Post Production Audio Life

I have written music and audio for over 6 video games up to this point and have written countless orchestral pieces. While video game soundscapes and orchestra have their own challenges, I believe that every composer should strive to enter into post production audio work of some sort.

Every composer dreams of hitting it big - that statement certainly rings true for me. Every composer looks to leave a mark somewhere, whether it is writing that big symphony or writing music that takes on a more artistic standpoint like a sculpture- it can be said that music is made to highlight something. What better way to understand how music does this than to learn about post production audio?

A lot of composers, myself included, want to make it as a film composer. But how do you understand this world better if you're not doing it and are looking from the outside? You get in through another route. You get in through another means and through that, you gain understanding.

For me, I started doing Foley through video games. I first started doing this in collaborating with Eric Smith(Battle Crafters, LLC), who has taught me so much about sound effects design from the industry perspective. From there, I then began an internship with Undertone Music, Inc., which not only did I learn about sound effects design from their audio editors, but I also took away from that the ability to be able to understand that world. I would ask questions to their editors to understand their world and what they do at Undertone Music - I even asked Tom Hambleton, who owns Undertone Music, questions. The fact is: if we dare to live in a Film Industry world, a post production audio world, we need to understand it better. It is okay to ask questions. It is okay to make mistakes. When we do understand this post production audio life, we learn how to survive in it, thrive in it, and we stand out better.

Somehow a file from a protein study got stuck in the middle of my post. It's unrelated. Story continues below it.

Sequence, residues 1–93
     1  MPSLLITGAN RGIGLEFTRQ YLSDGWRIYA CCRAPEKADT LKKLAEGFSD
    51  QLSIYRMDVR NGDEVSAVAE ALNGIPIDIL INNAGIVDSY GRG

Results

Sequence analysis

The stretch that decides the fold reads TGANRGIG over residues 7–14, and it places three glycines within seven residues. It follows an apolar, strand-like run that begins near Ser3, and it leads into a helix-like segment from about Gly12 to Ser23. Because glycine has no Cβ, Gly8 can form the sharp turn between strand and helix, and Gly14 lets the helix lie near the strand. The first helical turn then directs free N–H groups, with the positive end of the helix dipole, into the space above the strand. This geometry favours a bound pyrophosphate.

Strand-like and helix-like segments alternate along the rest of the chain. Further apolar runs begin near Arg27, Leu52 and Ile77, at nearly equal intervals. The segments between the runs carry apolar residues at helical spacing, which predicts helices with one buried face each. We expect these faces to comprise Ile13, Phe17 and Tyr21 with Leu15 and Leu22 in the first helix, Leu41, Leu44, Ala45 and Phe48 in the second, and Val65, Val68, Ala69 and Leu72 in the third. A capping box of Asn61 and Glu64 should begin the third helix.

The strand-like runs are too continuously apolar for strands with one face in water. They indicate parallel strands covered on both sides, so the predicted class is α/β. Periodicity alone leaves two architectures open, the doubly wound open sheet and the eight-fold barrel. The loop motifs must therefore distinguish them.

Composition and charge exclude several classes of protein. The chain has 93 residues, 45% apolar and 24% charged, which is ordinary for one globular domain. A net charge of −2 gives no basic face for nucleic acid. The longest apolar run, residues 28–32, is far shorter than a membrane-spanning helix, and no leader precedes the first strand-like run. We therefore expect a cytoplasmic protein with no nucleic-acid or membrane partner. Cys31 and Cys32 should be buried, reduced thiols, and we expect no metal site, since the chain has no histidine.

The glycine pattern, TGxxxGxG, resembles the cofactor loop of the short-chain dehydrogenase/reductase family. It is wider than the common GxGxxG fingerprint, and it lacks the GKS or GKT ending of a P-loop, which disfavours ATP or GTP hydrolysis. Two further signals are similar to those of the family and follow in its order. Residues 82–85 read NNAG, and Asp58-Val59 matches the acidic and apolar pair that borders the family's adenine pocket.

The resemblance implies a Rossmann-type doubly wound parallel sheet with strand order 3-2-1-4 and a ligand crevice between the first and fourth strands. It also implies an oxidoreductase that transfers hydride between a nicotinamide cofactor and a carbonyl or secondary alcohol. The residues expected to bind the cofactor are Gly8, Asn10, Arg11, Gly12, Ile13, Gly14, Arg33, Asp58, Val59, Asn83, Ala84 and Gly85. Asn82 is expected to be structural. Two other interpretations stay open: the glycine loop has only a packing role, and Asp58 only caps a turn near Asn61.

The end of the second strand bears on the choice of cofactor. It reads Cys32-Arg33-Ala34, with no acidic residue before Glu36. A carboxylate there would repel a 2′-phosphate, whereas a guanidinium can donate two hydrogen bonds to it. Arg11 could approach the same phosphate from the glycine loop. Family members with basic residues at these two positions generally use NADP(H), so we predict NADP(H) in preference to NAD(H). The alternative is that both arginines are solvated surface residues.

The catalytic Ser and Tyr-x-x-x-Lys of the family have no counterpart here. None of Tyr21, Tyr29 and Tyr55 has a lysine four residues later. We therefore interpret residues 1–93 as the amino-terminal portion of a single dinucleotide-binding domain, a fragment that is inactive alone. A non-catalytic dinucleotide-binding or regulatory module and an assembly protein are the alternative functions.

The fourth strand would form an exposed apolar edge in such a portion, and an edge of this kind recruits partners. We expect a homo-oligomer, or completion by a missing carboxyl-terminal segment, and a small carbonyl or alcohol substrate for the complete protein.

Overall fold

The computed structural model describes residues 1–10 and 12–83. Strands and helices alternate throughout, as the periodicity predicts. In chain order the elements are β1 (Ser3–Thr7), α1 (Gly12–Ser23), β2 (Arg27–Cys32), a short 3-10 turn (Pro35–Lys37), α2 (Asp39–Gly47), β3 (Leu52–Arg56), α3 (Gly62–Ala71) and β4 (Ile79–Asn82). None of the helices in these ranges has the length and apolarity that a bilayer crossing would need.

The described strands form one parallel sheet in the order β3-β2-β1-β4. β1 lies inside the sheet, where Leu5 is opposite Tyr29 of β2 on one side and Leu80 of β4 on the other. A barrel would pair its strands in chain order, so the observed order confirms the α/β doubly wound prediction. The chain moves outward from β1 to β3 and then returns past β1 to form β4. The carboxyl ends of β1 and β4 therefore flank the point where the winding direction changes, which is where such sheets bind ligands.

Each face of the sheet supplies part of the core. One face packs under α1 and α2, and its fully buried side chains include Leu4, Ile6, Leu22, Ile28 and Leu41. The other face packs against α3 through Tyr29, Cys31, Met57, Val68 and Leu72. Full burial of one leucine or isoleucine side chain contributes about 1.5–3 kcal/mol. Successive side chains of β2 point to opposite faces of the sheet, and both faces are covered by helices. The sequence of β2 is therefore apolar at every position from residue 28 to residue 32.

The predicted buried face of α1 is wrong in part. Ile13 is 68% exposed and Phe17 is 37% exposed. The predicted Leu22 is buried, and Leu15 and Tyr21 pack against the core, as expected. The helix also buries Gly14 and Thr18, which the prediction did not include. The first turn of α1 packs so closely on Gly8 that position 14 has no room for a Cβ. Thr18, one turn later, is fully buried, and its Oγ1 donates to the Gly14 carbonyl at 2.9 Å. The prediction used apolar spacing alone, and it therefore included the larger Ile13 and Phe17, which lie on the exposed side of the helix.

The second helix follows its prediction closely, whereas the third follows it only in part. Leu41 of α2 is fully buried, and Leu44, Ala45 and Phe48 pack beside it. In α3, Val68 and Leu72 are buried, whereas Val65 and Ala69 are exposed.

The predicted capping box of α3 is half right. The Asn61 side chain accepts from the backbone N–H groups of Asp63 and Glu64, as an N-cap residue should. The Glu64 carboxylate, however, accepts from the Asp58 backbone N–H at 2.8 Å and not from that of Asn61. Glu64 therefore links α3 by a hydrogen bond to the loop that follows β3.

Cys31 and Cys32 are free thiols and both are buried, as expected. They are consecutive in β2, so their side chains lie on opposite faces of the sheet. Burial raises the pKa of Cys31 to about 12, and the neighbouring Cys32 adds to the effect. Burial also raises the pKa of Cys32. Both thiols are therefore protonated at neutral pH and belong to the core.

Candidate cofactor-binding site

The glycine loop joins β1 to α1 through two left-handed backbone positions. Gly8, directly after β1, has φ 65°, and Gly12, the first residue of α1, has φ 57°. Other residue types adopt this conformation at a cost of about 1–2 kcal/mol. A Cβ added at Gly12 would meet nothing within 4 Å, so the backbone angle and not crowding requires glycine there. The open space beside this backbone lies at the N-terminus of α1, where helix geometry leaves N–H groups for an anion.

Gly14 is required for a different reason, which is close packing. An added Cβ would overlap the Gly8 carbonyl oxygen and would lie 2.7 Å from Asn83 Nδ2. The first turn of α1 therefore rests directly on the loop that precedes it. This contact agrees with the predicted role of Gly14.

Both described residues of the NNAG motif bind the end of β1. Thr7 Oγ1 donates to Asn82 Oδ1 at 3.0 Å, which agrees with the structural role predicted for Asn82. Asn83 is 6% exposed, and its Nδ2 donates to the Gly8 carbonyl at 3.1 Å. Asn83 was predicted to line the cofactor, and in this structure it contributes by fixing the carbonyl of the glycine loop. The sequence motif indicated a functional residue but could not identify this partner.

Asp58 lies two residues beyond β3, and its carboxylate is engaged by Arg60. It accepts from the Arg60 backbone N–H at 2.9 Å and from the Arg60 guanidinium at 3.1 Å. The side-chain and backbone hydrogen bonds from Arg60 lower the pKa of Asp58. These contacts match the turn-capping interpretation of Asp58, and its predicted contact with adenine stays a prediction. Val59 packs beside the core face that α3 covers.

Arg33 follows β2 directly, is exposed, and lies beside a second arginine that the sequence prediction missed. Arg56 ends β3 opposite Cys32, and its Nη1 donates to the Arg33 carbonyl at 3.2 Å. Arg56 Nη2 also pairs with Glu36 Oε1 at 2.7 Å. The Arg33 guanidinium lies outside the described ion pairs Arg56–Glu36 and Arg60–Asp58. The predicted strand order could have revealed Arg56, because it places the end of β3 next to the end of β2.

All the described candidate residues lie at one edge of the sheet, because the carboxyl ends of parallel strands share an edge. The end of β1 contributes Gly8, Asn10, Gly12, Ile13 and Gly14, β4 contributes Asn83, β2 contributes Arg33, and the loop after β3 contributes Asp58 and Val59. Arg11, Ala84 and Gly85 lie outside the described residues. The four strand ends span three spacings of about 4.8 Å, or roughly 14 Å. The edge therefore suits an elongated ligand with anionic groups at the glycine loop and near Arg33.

Because of this, I now sound design on films. I edit sound effects. I clean up dialogue and remove unwanted sounds from that dialogue. I now mix dialogue. I now have more to offer to the industry because of this route I have taken.

Am I saying every composer needs to design sound effects or do Foley? Not necessarily. The key thing to do is to gain an understanding of how this industry works and where you fit in. Because the last thing you want to do is to be that person who does not know how they fit in. So find people. Ask questions. Gain perspective. 

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